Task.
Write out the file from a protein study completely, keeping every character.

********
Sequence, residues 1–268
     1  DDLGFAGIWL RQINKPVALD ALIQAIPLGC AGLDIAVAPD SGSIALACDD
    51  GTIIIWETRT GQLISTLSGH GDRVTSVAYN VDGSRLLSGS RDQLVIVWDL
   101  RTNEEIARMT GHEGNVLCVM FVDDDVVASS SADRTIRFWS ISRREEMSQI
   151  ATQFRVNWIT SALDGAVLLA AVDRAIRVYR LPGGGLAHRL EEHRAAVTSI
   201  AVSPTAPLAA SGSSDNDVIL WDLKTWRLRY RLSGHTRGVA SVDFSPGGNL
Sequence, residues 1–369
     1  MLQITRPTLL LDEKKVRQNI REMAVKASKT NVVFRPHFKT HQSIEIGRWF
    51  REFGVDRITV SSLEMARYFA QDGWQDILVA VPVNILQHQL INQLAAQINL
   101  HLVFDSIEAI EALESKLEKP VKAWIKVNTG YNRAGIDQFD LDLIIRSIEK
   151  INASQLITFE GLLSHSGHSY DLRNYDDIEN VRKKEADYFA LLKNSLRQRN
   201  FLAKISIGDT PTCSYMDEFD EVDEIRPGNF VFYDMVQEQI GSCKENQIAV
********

Sequence, residues 1–268
     1  DDLGFAGIWL RQINKPVALD ALIQAIPLGC AGLDIAVAPD SGSIALACDD
    51  GTIIIWETRT GQLISTLSGH GDRVTSVAYN VDGSRLLSGS RDQLVIVWDL
   101  RTNEEIARMT GHEGNVLCVM FVDDDVVASS SADRTIRFWS ISRREEMSQI
   151  ATQFRVNWIT SALDGAVLLA AVDRAIRVYR LPGGGLAHRL EEHRAAVTSI
   201  AVSPTAPLAA SGSSDNDVIL WDLKTWRLRY RLSGHTRGVA SVDFSPGGNL
Sequence, residues 1–369
     1  MLQITRPTLL LDEKKVRQNI REMAVKASKT NVVFRPHFKT HQSIEIGRWF
    51  REFGVDRITV SSLEMARYFA QDGWQDILVA VPVNILQHQL INQLAAQINL
   101  HLVFDSIEAI EALESKLEKP VKAWIKVNTG YNRAGIDQFD LDLIIRSIEK
   151  INASQLITFE GLLSHSGHSY DLRNYDDIEN VRKKEADYFA LLKNSLRQRN
   201  FLAKISIGDT PTCSYMDEFD EVDEIRPGNF VFYDMVQEQI GSCKENQIAV